A few of the listener guides I programmed are “recreations” of concerts that were held in the 20th century. A few months ago, we shared one such “recreation” – a ballet program from Diaghilev’s Ballets Russes that has grown infamous for the creation of Stravinsky’s Rite of Spring. A few months earlier, in Vienna, another “Modern experiment” was held, featuring music from the so-called Second Viennese School (composers like Schoenberg, Webern and Berg) and caused its own brand of scandal. The program of that concert is one of the montages you will find in the below menu.
A couple of years earlier, Sergei Rachmaninov and Gustav Mahler shared the stage in New-York at a concert that premiered works by both composers, in what was to be Mahler’s final season in New-York.
To close the chapter, the recreation of an 1962 New-York Philharmonic concert that featured two artists we discussed earlier – MM. Gould and Bernstein - and a notable performance of Johannes Brahms’ first Piano Concerto that caused quite a stir.
Enjoy the Concert Experience through these Listener Guides
Listener Guide #68 – “New Year in Vienna 1987”. In one of his earliest broadcasts as host of this yearly event, Walter Cronkite initiates American viewers in the backstories and traditions of 19th century Vienna and the yearly New Year concert. The legendary Herbert von Karajan conducts. (Twelve Days of Blogging #9 - 1 Jan 2012)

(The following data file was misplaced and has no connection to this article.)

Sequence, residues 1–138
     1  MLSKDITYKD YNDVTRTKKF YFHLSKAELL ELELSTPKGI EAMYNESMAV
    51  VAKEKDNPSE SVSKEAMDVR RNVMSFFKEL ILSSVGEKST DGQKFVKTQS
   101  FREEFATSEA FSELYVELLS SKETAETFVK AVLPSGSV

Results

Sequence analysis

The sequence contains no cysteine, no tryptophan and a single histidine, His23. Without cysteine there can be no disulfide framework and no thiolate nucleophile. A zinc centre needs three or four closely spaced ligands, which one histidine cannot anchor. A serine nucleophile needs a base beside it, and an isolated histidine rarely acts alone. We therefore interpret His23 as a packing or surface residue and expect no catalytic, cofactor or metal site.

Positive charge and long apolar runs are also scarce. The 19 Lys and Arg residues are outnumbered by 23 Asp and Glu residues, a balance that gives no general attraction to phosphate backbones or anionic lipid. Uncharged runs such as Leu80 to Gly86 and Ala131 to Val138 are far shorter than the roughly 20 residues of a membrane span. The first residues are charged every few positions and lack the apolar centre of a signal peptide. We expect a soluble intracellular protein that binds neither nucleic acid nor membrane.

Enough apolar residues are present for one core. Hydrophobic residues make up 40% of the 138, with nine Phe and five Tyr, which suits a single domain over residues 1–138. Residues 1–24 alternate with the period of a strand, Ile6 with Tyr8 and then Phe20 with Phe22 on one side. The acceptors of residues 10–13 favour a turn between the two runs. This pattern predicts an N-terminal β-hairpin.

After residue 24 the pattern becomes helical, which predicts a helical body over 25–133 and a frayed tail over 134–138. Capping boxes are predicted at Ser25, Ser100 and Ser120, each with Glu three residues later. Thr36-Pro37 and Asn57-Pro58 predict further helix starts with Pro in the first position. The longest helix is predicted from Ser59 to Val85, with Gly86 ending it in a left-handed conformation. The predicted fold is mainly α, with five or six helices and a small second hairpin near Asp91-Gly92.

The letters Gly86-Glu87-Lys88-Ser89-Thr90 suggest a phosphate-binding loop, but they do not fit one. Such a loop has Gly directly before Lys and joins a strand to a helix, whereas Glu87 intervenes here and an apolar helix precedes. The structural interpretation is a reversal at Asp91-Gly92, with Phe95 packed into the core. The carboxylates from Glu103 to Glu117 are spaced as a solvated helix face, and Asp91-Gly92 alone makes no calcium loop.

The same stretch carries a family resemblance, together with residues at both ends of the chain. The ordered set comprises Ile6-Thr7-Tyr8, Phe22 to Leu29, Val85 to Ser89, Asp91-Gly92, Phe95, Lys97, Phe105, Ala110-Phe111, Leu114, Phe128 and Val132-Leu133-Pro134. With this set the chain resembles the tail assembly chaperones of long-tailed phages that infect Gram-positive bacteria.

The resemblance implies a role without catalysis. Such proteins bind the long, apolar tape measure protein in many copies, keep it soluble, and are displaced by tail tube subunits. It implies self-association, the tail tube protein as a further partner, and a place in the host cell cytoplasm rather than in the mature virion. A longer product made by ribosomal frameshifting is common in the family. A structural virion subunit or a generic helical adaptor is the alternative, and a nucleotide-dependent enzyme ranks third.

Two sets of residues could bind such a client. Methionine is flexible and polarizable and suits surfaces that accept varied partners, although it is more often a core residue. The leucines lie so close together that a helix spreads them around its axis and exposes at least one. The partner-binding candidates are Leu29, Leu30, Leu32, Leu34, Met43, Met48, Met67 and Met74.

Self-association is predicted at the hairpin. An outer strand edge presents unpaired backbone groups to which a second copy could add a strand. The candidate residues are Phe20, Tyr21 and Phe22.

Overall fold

Listener Guide #69 – “The Montreal Symphony on Radio Canada International”. Henri Bergeron hosts this 1986 subscription concert broadcast of the Montreal Symphony Orchestra, guest conducted by Gunther Herbig and featuring violin soloist Salvatore Accardo (Once Upon the Internet #46 - 12 Apr 2016)
Listener Guides #70 & 71 – “Last Night of the Proms 2004”. Alan Titchmarsh hosts this BBC broadcast of the gala concert that concluded the 2004 BBC Proms season. As is the tradition, the concert has a “light classics” concert section, followed by a “more predictable” line-up of British favouites. Leonard Slatkin conducts the BBC Symphony Orchestra. (Tuesday Blog - 6 Sep 2016)
Listener Guide #72 – “TDMH 16 Jan 1910”. This montage re-creates the program conducted by Gustav Mahler at Carnegie Hall, which featured Sergei Rachmaninov performing his “new” Piano Concerto no. 3. (ITYWLTMT #237 – 13 Jan 2017)
Listener Guide #73 – “Skandalkonzert”. This montage re-creates the program heard at Vienna’s Musikverein on March 31, 1913, featuring works from the Second Viennese School. Works by Berg, Zemlinsky, Schoenberg, Webern and Gustav Mahler. (ITYWLTMT #235 - 25 Nov, 2016)
Listener Guide #74 – “Amateur Night at Harvard”. Organized by students of the Faculty of Medical Sciences, a quartet of amateur musicians perform works by Dvorak and Ravel. (Once Upon the Internet #47 - 7 June 2016)
Listener Guide #75 – “The Luna Nova Ensemble”. A musical group specializing in contemporary music, the Luna Nova ensemble is heard in tracks from their public performances, most notably a performance of Messiaen’s Quartet for the End of Time. (Tuesday Blog - 13 Sep 2011 )
Listener Guide #76 – “TDMH 6 April 1962”. “Don’t be Afraid, Mr. Gould is Here”, in a recreation of the Carnegie Hall concert of April 6th, 1962, including the performance as caught in a live broadcast, preceded by the infamous “disclaimer” by Leonard Bernstein. (ITYWLTMT Montage #50 - 6 April 2012)